Medical molder Medbio Inc. is ramping up production of its 22nd injection press to meet growth and provide backup molding capacity.
“We are growing very steadily,” said John Woodhouse, director of sales and marketing, in a phone interview. “We have several new programs.”
Medbio purchased a new Arburg 470C 165-ton hydraulic press with a five-ounce shot size. The machine is equipped with advanced control systems, in tune with the firm's emphasis on controlling the molding process.
“Like most of our Arburg machines, this press has cavity-pressure sensing capabilities, using Kistler-brand sensors,” Woodhouse explained. “This machine is also equipped with a hydraulic core pull and pneumatic valve gate control, and will have an automated packaging cell.”
Medbio's presses, all Arburgs, are hydraulic or hydraulic/hybrid machines, which it claims can be cleaner than all-electric presses with a lubricated ball and screw. The firm stresses screw design and shot size are critical for precise molding. Woodhouse said tight tolerances are demanded for medical parts, and the firm's usage of a broad spectrum of resins also means it has to closely control the molding process.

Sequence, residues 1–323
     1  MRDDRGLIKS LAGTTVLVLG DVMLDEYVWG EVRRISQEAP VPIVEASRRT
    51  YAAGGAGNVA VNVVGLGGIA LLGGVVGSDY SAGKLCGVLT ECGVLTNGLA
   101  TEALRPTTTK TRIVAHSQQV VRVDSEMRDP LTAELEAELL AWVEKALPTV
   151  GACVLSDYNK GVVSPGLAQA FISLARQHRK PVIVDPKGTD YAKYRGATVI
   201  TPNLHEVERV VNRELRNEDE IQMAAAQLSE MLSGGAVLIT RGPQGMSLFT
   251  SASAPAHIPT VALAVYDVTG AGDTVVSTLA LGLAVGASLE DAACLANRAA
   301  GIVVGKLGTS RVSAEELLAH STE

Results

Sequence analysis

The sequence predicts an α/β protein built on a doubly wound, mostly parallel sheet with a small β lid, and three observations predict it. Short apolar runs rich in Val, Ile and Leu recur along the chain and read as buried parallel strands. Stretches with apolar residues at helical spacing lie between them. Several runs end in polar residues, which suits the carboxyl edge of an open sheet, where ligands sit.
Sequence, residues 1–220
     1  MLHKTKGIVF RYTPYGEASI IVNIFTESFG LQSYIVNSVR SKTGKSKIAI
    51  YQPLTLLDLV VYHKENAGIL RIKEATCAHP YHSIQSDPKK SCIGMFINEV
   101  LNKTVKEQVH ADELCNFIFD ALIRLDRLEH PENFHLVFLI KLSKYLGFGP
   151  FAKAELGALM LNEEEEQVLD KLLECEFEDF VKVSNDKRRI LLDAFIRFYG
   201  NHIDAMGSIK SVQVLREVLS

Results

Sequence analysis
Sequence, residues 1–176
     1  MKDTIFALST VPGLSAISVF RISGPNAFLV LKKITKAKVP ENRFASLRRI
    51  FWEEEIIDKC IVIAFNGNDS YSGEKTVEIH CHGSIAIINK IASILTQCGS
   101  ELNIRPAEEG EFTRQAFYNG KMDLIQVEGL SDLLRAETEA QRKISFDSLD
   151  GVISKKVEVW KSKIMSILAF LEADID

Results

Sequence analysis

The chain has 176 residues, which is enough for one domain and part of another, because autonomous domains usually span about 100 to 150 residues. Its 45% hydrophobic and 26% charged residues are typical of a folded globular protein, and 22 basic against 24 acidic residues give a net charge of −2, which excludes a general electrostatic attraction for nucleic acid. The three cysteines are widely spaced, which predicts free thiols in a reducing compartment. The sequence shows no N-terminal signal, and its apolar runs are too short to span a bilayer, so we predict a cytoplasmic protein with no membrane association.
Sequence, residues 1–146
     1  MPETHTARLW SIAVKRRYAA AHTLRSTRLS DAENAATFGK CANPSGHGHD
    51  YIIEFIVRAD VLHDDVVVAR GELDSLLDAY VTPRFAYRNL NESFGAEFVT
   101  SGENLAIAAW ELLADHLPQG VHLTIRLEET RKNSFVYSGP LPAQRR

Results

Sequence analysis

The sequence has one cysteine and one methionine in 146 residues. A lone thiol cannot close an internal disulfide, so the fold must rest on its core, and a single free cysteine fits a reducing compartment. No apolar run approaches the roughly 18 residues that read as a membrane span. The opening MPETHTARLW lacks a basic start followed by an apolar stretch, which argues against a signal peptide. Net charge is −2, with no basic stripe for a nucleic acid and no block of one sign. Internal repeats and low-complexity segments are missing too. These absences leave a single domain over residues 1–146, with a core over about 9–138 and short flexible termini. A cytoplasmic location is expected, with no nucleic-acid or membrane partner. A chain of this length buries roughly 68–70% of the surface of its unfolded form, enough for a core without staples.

Medbio's work includes micro molding of parts typically weighing less than a gram. For such jobs it can attach an Arburg micro molding module to one of its presses. The company's press clamp range runs from 17 to 220 tons. It does insert and over-molding with a fixed vertical rotary press. It molds dozens of resin types, from commodity materials to engineered polymers.
The privately held company employs more than 125 on three shifts in its 45,000-square-foot facility in Grand Rapids, Mich.
Woodhouse said integration of its own tool-building shop into its molding programs has been going well and allows Medbio to offer short lead times and flexibility to add new programs. About two years ago it bought Concept Molds Inc. of Schoolcraft, Mich., to do make much of Medbio's tooling in house.